# setup forwarding from 127.0.0.1:<free_random_port> to |host|
            channel = t0.open_channel('direct-tcpip', host, ('127.0.0.1', 0))
            self.transport = ssh.Transport(channel)
        else:
            self.transport = ssh.Transport(host)
        self.transport.start_client()
        self.transport.auth_password(user, auth)

    def run(self, cmd):
        ch = self.transport.open_session()
        ch.set_combine_stderr(True)
        ch.exec_command(cmd)
        retcode = ch.recv_exit_status()
        buf = ''
        while ch.recv_ready():
            buf += ch.recv(1024)
        return (buf, retcode)

# The example below is equivalent to
# $ ssh 10.10.10.10 ssh 192.168.1.1 uname -a
# The code above works as if these 2 commands were executed:
# $ ssh -L <free_random_port>:192.168.1.1:22 10.10.10.10
# $ ssh 127.0.0.1:<free_random_port> uname -a
host = ('192.168.1.1', 22)
via_host = ('10.10.10.10', 22)

ssht = SSHTool(host, 'user1', 'pass1',
    via=via_host, via_user='user2', via_auth='pass2')

print ssht.run('uname -a')
3
  • Could you elaborate on which port you're forwarding and what host is doing the forwarding in your example? May 3 '12 at 13:46
  • Added a comment in the code and did a small change re. forwarding.
    – Sinas
    May 4 '12 at 13:01
  • User1 and pass1 are for target and vía are for the first host. Thanks Sina. Sep 2 '14 at 17:35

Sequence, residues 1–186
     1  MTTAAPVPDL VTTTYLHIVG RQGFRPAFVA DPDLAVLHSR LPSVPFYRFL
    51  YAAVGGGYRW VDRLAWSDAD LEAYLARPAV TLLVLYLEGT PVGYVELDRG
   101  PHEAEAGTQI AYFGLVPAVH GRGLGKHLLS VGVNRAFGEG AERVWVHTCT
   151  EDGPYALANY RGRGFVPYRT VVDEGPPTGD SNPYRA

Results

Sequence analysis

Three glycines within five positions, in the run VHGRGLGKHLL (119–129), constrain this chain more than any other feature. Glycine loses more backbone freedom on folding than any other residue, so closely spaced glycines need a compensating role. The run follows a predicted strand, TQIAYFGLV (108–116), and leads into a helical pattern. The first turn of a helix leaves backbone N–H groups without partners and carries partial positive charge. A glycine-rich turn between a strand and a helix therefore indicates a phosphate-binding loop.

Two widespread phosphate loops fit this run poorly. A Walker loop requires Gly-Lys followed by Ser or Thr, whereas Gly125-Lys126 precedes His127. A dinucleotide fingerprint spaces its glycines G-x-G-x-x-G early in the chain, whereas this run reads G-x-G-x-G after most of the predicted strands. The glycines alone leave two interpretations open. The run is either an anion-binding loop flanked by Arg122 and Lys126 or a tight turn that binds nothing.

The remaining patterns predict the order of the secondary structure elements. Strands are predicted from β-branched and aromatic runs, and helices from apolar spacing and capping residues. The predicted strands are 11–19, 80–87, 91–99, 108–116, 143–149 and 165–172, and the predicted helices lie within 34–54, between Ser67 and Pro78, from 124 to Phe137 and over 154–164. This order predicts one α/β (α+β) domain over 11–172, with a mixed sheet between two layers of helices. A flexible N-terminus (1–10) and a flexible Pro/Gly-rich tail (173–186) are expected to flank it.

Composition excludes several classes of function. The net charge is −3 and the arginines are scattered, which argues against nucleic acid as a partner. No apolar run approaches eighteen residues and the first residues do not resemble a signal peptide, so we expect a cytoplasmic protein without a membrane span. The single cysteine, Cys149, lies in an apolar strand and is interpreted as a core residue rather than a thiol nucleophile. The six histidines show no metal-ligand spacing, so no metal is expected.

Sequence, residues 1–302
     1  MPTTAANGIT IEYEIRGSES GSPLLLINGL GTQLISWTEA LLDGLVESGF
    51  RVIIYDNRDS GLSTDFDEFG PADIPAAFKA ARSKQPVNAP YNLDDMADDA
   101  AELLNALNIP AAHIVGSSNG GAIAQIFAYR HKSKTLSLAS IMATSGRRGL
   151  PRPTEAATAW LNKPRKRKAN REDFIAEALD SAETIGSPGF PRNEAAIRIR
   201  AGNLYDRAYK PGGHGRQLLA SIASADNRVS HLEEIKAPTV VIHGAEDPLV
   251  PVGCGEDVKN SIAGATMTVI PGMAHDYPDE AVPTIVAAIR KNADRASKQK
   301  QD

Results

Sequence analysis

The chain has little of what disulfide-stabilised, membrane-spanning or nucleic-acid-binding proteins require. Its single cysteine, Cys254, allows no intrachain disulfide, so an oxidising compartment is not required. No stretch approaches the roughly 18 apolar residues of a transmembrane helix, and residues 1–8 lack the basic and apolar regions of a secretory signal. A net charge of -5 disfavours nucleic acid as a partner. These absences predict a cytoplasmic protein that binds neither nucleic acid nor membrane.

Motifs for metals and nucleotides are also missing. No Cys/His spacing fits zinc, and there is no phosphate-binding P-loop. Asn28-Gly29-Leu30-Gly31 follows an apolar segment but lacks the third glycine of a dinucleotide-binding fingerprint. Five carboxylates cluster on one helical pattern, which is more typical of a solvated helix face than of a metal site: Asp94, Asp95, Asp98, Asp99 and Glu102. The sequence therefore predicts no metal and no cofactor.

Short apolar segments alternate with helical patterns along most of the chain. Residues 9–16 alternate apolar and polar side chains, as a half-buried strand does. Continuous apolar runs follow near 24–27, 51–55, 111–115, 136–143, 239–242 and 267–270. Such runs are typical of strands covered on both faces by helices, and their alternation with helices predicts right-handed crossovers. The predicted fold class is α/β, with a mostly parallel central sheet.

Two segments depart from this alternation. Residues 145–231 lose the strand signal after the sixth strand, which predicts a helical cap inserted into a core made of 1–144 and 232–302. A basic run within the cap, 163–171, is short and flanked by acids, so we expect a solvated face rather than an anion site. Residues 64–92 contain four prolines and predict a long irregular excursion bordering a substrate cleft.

7

You can create ssh connection using channel from another ssh connection. See here for more detail.

2
  • Thanks. It's the best method I have found. Sep 2 '14 at 21:20
  • This is the best and should be marked as the correct answer. Jan 26 '16 at 6:10
1

For a ready made solution check out pxssh from the pxpect project. Look at the sshls.py and ssh_tunnel.py examples.

http://www.noah.org/wiki/Pexpect

1
  • pexpect is now not supported on windows Dec 10 '20 at 12:05
0

Sinas's answer works well but didn't provide all the output from very long commands for me. However, using chan.makefile() allows me to retrieve all the output.

The below works on a system that requires tty and also prompts for sudo password

ssh = paramiko.SSHClient()
ssh.load_system_host_keys()
ssh.set_missing_host_key_policy(paramiko.WarningPolicy())
ssh.connect("10.10.10.1", 22, "user", "password")
chan=ssh.get_transport().open_session()
chan.get_pty()
f = chan.makefile()
chan.exec_command("sudo dmesg")
chan.send("password\n")
print f.read()
ssh.close()